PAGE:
As Christmas nears and the year comes to a close, veteran NPR reporter Mara Liasson grew warm and fuzzy about Joe Biden's legacy, living up to his promises of bipartisanship and creating a "pretty respectable list of accomplishments." Is this news, or advertising? At NPR, it's tickling the tummies of its Democrat listeners and donors.
On Thursday's edition of the comically mis-named show All Things Considered, Liasson touted Biden's "pretty good record" and how Team Bide was "blessed by their opponents" in the GOP:
And then you look at what Democrats were able to pass in the first two years of his presidency. And it's a pretty good record. It's not everything they wanted. But in the end, as White House advisers are willing to admit privately, they got lucky. They were blessed by their opponents. Republicans nominated just too many people who voters thought were out of the mainstream. And Democrats ended up with a historic result for a first term midterm for the president's party.
Donald Trump's favorite amateur candidates nearly all lost, to be sure. But then, the Republicans were also helping Biden by passing some bipartisan legislation. Liasson singled out the so-called "Respect for Marriage Act," a symbolic bill to stave off the unlikely notion that the Supreme Court would reverse its ruling on same-sex marriage:
Biden thanked Republicans who supported that bill. Of course, the bill couldn't have passed without 10 Republican votes in the Senate. This is the idea that he ran on. He ran on being the guy who could work across the aisle and get things done with the other party. He ran on a return to normalcy. And even though Democrats have been fixated on legislation that was bigger and more ambitious than they had the votes for, giving the impression that sometimes they were flailing, if not failing, the president came out with a pretty respectable list of accomplishments.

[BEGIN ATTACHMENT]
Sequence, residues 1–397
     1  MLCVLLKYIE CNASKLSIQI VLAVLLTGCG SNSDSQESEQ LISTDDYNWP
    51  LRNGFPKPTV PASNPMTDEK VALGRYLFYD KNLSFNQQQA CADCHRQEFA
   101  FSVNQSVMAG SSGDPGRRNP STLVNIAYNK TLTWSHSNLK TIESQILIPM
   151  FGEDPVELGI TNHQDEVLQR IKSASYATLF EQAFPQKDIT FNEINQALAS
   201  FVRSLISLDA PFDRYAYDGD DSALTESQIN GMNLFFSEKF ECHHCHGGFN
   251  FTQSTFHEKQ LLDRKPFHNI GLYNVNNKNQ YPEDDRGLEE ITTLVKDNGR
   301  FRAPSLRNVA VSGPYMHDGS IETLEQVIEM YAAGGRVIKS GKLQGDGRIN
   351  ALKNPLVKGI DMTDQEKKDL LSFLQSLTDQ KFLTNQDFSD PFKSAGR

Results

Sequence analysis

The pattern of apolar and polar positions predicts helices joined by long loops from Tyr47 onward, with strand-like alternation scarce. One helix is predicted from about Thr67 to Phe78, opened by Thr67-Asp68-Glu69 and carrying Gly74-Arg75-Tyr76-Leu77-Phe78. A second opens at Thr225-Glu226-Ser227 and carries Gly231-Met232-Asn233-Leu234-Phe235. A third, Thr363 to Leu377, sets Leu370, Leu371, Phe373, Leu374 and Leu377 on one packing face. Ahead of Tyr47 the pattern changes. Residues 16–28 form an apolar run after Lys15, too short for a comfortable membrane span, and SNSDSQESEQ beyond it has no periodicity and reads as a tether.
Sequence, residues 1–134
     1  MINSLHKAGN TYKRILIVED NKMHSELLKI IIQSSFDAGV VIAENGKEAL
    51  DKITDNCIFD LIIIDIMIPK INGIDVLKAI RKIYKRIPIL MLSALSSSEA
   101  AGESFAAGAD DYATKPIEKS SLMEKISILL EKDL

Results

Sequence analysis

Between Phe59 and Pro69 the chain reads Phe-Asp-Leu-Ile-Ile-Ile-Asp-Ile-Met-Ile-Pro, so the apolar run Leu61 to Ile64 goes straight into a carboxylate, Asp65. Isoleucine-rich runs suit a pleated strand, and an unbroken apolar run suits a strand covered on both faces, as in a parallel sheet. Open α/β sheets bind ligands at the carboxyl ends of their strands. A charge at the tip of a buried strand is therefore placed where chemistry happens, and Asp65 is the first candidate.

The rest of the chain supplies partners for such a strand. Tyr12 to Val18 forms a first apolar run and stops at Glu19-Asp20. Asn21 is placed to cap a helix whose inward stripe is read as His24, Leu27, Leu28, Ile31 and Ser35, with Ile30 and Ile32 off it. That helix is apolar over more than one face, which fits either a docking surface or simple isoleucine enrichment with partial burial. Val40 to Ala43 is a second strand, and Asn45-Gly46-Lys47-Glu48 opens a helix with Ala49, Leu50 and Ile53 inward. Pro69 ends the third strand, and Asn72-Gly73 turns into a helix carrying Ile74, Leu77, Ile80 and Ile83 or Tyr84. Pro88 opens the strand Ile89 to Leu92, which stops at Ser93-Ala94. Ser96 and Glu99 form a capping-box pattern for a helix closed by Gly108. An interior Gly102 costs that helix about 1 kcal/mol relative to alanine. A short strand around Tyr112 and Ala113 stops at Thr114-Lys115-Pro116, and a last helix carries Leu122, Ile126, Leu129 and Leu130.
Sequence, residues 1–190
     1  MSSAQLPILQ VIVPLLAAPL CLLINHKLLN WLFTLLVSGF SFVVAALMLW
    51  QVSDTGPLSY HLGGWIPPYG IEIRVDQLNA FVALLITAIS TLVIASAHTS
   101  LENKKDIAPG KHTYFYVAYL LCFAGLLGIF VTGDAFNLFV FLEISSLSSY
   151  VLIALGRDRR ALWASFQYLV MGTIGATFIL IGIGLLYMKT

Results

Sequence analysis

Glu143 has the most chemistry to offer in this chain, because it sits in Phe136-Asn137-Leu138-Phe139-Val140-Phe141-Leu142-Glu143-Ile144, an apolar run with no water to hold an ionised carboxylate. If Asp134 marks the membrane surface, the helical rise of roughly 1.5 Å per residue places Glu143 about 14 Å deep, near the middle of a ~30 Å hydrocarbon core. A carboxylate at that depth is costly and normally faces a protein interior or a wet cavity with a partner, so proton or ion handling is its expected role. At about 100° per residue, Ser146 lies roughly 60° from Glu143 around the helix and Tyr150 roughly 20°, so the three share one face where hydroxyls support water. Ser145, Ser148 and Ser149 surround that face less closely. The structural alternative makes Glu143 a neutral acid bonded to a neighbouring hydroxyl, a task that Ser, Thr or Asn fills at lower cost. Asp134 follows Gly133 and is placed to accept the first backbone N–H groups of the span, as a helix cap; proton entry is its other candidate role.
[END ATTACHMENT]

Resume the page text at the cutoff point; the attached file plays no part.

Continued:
When Democrats pass bills that cause problems, like the so-called "American Rescue Plan" that spurred inflation, they're still "accomplishments." Liasson expressed surprise that Biden was punished more in the midterms for inflation.
There used to be a very strong correlation between the economy and elections, and we've seen that correlation broken. Remember, President Donald Trump had a very strong economy, but his party lost the midterms. Biden had historic inflation and wasn't hurt that badly in the midterms. So a lot of assumptions, preconceived ideas about how politics work have really been challenged this year.
You can guess NPR didn't say "Trump had a very strong economy" during the 2018 campaign. Liasson skipped over the embarrassing number in their NPR poll that only 35 percent of Democrats surveyed wanted Biden to run for re-election in 2024. But she said the age thing was an obstacle:
The appetite among Democratic voters for an alternative to Biden hasn't changed. They think he's just too old. And despite what he passed, despite inflation coming down, despite his record in the midterms, despite Republicans like Newt Gingrich warning people not to underestimate Biden, he is 80 years old, the oldest person to ever run for reelection, and that's a liability. And his age is going to be one of the biggest lines of attack for Republicans.